The patients were retrospectively collected at the Department of Orthodontics at Peking University School of Stomatology from 2015-2018. We selected 120 adult subjects (aged >18 years) whose CBCT scans were taken for clinical indications. The patients were divided into skeletal Class I group (40 subjects; mean age, 20.32 ± 3.78 years) and skeletal Class III group (80 subjects; mean age, 21.20 ± 4.65 years) on the basis of the ANB angle (normal value, 2.7°; standard deviation, 2.0°). Patients were further divided by the positional asymmetry of the mandible, which was defined by manually measuring the distance from the hard-tissue menton point to the midsagittal reference plane in the CBCT images. A distance between the midsagittal reference plane and skeletal menton >4 mm was taken as an indication of the positional asymmetry of the mandible. Finally, 3 subgroups were constituted. Group 1: patients with skeletal Class I pattern without positional asymmetry (n = 40); group 2: patients with skeletal Class III pattern without positional asymmetry (n = 40); and group 3: patients with skeletal Class III pattern with positional asymmetry (n = 40). The following criteria also had to be fulfilled: (1) Chinese ethnicity; (2) no multiple missing teeth other than third molars; and (3) no congenital diseases affecting growth and development, no previous craniofacial surgery, facial fractures or facial surgery, degenerative disease in the temporomandibular joint, and craniofacial anomalies. Ethical approval was obtained from the Research Ethics Committee of the Peking University School and Hospital of Stomatology (PKUSSIRB-202057109). Written informed consent was obtained from all participants.

All the CBCT scans were obtained from the same device (NewTom 9000; Quantitative Radiology, Verona, Italy). Patients were instructed to sit naturally upright, close their mouths in maximum intercuspation, and relax their lips. The field of view in the selected samples was 16 × 13 cm or 17 × 23 cm with a scan time 18.0-26.9 seconds. Exposure parameters for CBCT images were 120 kVp and 3-8 mA. The original isotropic voxel size was 0.5 mm 3 .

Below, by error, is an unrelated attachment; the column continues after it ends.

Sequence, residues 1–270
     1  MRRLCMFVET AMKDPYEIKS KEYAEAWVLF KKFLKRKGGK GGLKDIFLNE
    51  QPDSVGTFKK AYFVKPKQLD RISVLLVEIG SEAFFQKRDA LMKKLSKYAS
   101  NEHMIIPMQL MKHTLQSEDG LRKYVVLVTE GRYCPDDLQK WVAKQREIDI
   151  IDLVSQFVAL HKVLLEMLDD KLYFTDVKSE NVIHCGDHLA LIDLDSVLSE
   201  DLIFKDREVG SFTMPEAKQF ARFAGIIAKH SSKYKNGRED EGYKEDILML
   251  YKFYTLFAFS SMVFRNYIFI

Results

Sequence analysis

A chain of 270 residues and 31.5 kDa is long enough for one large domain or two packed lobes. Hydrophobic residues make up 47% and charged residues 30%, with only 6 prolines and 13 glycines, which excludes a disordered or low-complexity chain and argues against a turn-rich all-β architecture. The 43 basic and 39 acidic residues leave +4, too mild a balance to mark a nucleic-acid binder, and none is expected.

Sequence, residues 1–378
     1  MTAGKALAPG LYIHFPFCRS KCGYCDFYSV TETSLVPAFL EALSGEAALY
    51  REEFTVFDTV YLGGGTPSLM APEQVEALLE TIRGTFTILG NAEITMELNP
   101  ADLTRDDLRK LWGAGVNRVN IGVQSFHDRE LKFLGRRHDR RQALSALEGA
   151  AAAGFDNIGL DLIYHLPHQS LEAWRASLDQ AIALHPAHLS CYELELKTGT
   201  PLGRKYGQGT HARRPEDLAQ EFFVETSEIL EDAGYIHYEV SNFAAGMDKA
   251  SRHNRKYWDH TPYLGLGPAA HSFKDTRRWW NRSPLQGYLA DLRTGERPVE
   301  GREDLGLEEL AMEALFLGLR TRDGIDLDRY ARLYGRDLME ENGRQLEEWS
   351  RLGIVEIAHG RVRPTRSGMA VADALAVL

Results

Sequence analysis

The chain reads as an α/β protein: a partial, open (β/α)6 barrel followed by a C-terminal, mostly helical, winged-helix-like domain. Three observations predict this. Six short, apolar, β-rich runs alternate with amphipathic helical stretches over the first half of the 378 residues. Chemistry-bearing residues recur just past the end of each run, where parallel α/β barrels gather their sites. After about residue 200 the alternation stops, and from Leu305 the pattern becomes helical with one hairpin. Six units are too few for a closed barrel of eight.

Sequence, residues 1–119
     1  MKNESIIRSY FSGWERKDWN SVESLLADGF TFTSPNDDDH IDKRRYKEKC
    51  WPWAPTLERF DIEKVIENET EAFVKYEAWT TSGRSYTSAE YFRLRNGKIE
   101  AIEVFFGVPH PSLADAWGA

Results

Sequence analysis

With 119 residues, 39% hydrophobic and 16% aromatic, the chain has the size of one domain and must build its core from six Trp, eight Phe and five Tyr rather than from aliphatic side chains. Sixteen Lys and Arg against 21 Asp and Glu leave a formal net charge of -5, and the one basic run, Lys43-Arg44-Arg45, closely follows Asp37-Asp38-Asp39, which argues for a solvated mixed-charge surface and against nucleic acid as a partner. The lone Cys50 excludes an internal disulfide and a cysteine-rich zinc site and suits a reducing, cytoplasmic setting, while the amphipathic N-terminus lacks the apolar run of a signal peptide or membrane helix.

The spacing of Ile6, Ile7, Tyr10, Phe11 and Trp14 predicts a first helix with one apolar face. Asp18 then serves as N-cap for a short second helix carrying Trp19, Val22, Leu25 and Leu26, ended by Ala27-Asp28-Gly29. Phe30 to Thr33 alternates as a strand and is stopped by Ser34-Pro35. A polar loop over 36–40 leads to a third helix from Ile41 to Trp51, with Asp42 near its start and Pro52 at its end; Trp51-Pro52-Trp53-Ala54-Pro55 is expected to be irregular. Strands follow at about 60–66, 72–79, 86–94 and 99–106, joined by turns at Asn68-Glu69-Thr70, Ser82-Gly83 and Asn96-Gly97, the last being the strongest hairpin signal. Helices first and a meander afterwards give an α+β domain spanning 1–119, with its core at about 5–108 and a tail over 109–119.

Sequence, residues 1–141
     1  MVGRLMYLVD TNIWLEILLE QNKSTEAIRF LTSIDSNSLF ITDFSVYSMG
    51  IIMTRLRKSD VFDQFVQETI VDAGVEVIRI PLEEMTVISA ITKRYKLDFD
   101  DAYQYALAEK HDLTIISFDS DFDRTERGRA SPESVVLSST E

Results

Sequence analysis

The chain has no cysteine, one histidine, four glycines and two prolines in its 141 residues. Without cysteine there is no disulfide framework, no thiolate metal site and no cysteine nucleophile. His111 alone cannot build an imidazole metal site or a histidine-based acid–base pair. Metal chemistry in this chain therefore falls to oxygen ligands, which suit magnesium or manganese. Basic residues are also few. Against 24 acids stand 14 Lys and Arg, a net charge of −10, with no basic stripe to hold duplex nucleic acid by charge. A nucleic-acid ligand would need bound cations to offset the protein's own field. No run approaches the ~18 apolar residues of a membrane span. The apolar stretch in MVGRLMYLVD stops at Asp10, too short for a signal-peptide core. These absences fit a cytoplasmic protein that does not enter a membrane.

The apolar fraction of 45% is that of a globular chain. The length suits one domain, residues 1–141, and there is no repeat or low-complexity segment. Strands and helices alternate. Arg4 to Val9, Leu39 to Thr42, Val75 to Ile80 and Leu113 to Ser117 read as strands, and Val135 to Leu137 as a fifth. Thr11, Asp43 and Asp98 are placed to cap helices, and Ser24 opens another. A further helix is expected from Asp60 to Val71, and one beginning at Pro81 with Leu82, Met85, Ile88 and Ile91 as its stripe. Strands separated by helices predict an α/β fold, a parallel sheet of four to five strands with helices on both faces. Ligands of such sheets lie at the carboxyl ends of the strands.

The mandible was segmented from each CBCT image using a 3D U-net architecture, a deep-learning-based automatic segmentation approach. The framework of the automatic segmentation is shown in Figure 2 . Briefly, the segmentation network was trained using 48 segmented CBCT images. For these 48 images, segmentation was performed with ITK-SNAP open-source software case by case ( http://www.itksnap.org/pmwiki/pmwiki.php ). , It requires an initial segmentation using global thresholding to grossly segment the main part mandible, followed by a selection of seed points and a “region competition snake” algorithm to generate the region of interest, such as the condyles.

Mandible segmentation framework. Conv , Convolution layer.
Fig 2
Mandible segmentation framework. Conv , Convolution layer.

For the automatic segmentation approach, the original CBCT images were cropped into patches of 192 × 192 × 192 in the training and inference stage because of the limitation of graphics processing unit memory. The network had an encoder-decoder structure with long skip connections. The encoder compressed the image patch into feature maps in low resolution, and the decoder aimed to estimate a probability at each voxel that it belongs to the mandible. In this study, the encoder had 5 ResNet-like blocks, each followed by a 2 × 2 × 2 average pooling layer. The decoder had 4 ResNet-like blocks and two 3 × 3 × 3 convolutional layers, followed by an upsampling layer. Each ResNet block consisted of two 3 × 3 × 3 convolutional layers for feature extraction and one 1 × 1 × 1 convolutional layer for residual connection. The instance normalization layer and Leaky ReLU activation followed each convolutional layer. The feature volumes in the decoder stage were composed of volumes from the proceeding layers in the decoder and those from the encoder with the same resolution. The output of the decoder was the mandible segmentation of patches. We used a cross-entropy loss function to train the segmentation network. In the inference stage, the mandible segmentation of patches from each CBCT image was merged to get the final mandible segmentation. The overlapping sliding window method was used to crop patches with a stride of 60 × 60 × 60. For the overlapping areas, we used the average probability of each voxel belonging to the mandible to get the final mandible prediction. The segmentation network was implemented using the open-source PyTorch.